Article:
From tossing pizzas at age 15 at a Little Caesar's in suburban Chicago to creating the "perfect" omelette for Henry Kissinger's visits to New York's La Cote Basque, Chef Kerry Simon has earned an international reputation as one of the country's most innovative and respected chefs. A graduate of the prestigious Culinary Institute of America in Hyde Park, New York, Simon has worked the line alongside some of the country's most outstanding toques, modern-day masters of the culinary arts such as Andre Soltner of the much beloved Lutece, Jean-Jacques Rachou of La Cote Basque, and Jean-Georges Vongerichten of Jean Goerges, Perry Street, Spice Market, and many more.
After graduating from CIA with an intensive, two-year apprenticeship under his belt, Simon moved to New York to work as a vegetable cook and saucier at Rachou's La Cote Basque and La Lavandou, then as a chef de partie at Soltner's Lutece. Feeling isolated from his French mentors, Simon decided to accept a job in London' s fashionable West End working as a personal chef for a prominent local businessman. Still unsure about the direction he should head on American soil, Simon returned to take another personal chef position for New York insurance mogul, Saul Steinberg. Steinberg entertained the crème de la crème of New York society and it was here that Simon made the connections to people who would propel his career.
At this time Simon's contemporaries, American-born yet classically-trained chefs such as Larry Forgione and Charlie Palmer, were starting to "make some noise." Says Simon, "You could feel in the air that something was developing." This something was American cuisine. Eager to participate, he worked for free at Louis Outhier's newly-opened, Lafayette, under Chef Vongerichten. As sous chef, and later, pastry chef at Vongerichten's restaurant, Simon began experimenting with the "new French" cuisine; “Americanized" food that focused more on health and less on heavy creams and butters.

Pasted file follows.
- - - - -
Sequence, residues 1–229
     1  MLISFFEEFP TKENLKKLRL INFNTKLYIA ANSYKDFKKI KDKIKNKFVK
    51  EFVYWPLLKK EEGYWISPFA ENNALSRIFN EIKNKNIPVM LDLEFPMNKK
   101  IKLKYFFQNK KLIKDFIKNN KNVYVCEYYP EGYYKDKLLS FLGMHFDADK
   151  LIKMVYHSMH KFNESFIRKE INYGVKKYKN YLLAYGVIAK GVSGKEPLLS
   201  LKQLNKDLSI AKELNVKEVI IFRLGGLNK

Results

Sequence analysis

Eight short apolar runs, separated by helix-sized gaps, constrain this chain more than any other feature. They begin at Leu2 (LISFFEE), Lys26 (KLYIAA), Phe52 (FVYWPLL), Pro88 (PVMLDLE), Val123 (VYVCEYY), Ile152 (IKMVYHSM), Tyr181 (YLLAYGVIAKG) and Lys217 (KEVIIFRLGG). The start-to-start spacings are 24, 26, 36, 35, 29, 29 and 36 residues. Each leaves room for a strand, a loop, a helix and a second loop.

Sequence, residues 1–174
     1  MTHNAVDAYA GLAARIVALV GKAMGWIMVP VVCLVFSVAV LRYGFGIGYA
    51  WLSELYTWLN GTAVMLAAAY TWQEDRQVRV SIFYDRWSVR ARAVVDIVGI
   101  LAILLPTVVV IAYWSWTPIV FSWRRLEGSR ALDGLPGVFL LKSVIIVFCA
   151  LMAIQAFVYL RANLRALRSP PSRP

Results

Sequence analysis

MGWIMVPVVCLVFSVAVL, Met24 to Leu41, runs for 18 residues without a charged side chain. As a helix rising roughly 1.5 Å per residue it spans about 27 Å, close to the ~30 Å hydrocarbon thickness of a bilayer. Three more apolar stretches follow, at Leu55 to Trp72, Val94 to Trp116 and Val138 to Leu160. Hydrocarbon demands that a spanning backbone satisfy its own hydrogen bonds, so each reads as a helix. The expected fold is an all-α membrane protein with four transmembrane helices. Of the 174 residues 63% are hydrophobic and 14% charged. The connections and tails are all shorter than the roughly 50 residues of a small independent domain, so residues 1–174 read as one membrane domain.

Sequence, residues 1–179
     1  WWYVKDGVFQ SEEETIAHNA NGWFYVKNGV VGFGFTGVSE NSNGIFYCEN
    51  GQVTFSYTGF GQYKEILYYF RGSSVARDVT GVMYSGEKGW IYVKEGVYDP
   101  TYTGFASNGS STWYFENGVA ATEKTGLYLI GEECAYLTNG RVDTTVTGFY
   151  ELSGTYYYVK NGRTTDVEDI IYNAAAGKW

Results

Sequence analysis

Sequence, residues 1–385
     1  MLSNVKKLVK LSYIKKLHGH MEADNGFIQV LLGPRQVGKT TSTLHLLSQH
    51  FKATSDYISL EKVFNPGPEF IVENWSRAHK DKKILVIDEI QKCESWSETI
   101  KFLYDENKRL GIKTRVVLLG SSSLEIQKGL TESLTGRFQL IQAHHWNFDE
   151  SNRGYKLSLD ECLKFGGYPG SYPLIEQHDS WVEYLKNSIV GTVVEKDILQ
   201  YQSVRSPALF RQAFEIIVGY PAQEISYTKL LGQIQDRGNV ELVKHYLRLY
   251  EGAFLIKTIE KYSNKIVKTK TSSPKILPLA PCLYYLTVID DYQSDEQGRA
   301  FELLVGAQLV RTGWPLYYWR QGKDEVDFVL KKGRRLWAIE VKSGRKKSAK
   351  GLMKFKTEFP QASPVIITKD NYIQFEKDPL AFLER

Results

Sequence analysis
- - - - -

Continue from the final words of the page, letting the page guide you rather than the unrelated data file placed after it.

Around the same time, The Plaza Hotel had been interviewing for a chef for the hotel's main dining room, The Edwardian Room. According to Simon, once he met The Plaza's then-owner, venerable Ivana Trump, it was instant karma. He was hired immediately. It was in the Plaza's cavernous kitchen that Simon hosted private chef's tables for Ivana and her friends. Regular guests, who later became friends, included Debbie Harry, Diane Keaton, David Lynch, Nicole Miller and Sting.
When Ivana left the hotel, so did Simon. At the invitation of a friend, Simon traveled to Miami's up-and-coming South Beach area to collaborate on a dinner at the newly-renovated Raleigh Hotel. Simon was asked by the hotel's owner to open the Raleigh Blue Star in 1992. He accepted. After the Blue Star, Simon moved on to the now-defunct Starfish, followed by Max's South Beach, and Mercury. With a built-in web of famous friends, Simon kept a stream of celebrities parading through the restaurant's doors, which earned him a stellar reputation as one of the new breed of "celebrity chefs".
In 1998, Simon rejoined Jean-Georges in a corporate partnership to develop restaurants in Las Vegas, New York, Hong Kong, London, and Chicago. Keeping busy, during this time he also partnered at Mercer Kitchen in Manhattan and as executive chef-partner at Prime in Las Vegas. In 2002, Simon launched the flagship of what would become a string of eponymous restaurants; Simon Kitchen & Bar at the Hard Rock Hotel and Casino was a critical success, selected as one of “America’s Best New Restaurants” by Esquire Magazine. In 2006, SIMON LA opened in the Sofitel Hotel. Other endeavors include The Cathouse at the Luxor Hotel and Casino, Simon Restaurant & Lounge at Palms Place, and, as of June of 2010, SimonPrime Steakhouse and Martini Bar at the Hilton Atlantic City on the Boardwalk.
The active chef’s most recent project, KGB (for Kerry's Gourmet Burgers) is located at Harrah's on the Las Vegas Strip.